Cedrik von Briel
When’s the last time you haven’t seen a tree? It sounds like a stupid question, but in reality, it really is! Trees have become such a normal part of our life that even a 360 around your current area picks up at least one form of tree or plant – even if it is just an artwork. But why? Trees are an important part of life for not only humans but all sorts of creatures that the universe forces us to live with. For starters – as anyone who took Advanced Placement [AP] Biology this year would know – trees provide crucial oxygen for us all to breathe, without which there would be no more us. Trees also provide shade when the days get hot (year-round now, it looks like) and a bright green scene when they get dark and lonely. Sure, they provide all those benefits, but why should you pay more attention to them?
Well, for starters, they’re pretty cool. The oldest trees are over 6,000 years old, and any given tree that you see could very well be older than 100. They can also hold a ton of history. The oldest Laurel tree in California is along Sawyer Camp Trail near Crystal Springs Reservoir. A descendant of Newton’s apple tree is said to be somewhere on Stanford University’s campus. Most of all, however, is how much biodiversity can be in one single tree. Woodpeckers, snails, owls, ivies, beetles, squirrels, and creepers all call trees home. Trees also are essential to those you might not often associate them with. Did you know that a few species of ducks and seabirds breed in trees? Yup. What’s also cool is that when the chicks have all grown up, they must dare themselves to jump 100 feet down to the ground just to get to the water. Talk about a leap of faith!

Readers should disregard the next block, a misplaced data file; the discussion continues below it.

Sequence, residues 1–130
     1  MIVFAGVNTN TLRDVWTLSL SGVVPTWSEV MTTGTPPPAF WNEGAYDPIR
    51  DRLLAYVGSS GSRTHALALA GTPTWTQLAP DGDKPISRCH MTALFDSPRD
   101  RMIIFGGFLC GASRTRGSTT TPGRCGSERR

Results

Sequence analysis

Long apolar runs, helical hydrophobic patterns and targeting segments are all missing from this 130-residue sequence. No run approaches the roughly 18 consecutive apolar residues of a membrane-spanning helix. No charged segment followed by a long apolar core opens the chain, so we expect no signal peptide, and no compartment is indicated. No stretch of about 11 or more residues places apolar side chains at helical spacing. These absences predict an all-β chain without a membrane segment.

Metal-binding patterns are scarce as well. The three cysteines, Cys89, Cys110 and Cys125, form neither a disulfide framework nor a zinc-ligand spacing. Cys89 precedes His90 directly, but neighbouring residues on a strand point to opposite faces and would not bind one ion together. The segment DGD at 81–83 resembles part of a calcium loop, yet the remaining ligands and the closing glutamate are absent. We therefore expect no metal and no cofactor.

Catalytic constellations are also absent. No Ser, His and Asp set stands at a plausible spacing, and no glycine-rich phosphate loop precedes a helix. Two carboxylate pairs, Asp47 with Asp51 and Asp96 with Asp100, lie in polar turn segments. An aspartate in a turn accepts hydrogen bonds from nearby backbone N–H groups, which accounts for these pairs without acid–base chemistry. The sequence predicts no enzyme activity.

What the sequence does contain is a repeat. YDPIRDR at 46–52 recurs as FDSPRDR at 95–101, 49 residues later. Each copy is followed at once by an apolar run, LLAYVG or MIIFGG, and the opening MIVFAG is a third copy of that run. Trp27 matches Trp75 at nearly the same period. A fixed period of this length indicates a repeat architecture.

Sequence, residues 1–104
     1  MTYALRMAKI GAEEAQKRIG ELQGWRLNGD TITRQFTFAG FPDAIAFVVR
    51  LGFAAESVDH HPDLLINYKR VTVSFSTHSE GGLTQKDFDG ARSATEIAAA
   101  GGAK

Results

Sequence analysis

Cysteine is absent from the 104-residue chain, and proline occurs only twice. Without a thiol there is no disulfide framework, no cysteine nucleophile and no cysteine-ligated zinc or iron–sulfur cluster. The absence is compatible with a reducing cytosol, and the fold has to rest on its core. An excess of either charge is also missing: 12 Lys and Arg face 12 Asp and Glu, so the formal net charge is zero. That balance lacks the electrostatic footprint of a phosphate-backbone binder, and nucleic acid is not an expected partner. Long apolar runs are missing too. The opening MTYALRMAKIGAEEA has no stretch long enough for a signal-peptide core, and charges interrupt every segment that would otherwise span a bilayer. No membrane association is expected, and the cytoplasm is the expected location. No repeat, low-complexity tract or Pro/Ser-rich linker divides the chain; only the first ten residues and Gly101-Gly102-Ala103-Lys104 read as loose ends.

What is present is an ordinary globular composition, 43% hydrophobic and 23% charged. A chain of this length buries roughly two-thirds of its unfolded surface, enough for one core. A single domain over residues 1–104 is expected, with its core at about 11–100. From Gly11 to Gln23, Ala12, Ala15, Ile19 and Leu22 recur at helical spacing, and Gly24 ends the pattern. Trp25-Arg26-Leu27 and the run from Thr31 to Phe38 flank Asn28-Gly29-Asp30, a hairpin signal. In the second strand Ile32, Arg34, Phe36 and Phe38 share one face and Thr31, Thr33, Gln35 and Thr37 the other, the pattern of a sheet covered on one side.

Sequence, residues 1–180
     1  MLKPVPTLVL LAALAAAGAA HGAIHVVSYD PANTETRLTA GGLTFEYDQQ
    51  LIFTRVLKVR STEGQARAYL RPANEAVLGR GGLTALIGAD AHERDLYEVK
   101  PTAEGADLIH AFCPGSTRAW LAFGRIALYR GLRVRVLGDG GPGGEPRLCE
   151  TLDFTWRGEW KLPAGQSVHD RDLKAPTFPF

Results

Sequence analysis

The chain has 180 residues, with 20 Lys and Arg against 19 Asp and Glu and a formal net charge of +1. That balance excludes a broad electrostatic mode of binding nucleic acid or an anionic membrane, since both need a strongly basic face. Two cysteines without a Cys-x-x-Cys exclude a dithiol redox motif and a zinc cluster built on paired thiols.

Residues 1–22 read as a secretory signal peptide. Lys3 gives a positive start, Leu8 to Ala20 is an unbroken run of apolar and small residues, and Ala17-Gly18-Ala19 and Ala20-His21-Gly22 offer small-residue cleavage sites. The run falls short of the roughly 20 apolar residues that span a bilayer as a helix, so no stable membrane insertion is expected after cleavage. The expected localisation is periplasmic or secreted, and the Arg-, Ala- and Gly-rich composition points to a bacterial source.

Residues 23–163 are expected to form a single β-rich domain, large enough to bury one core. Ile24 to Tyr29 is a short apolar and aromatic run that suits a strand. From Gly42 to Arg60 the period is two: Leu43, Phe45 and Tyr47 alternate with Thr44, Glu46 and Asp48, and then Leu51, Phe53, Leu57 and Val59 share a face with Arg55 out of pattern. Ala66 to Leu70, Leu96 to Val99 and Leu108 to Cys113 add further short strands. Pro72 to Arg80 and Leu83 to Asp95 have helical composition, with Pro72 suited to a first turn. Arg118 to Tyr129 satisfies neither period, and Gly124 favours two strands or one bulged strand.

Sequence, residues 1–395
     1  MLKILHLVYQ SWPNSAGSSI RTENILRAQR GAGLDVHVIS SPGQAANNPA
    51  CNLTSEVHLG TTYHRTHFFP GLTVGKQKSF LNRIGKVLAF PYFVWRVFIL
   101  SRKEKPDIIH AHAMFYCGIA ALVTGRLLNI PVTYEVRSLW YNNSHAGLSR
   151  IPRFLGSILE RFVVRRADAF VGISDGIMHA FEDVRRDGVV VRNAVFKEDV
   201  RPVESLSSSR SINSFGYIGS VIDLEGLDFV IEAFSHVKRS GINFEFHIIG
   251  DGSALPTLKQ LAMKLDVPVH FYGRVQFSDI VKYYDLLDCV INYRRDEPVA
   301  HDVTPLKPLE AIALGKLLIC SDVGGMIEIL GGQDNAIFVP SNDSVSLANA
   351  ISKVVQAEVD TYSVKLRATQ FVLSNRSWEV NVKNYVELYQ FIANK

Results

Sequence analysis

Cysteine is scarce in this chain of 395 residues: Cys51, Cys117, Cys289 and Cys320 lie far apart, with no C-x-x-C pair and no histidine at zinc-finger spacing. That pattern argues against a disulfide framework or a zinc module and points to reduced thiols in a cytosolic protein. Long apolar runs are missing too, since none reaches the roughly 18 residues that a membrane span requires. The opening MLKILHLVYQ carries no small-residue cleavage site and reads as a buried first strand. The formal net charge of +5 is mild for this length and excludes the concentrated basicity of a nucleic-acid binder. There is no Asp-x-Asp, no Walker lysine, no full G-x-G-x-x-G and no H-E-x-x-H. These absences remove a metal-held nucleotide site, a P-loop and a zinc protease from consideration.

Finally, we Californians are blessed to feature the tallest trees in the world, the Coast Redwood, right in our backyard! With so much diversity and fun about our trunked neighbors, perhaps it’s time you paid attention to them more often this winter break, acknowledged their presence, and become fascinated by what they have to offer.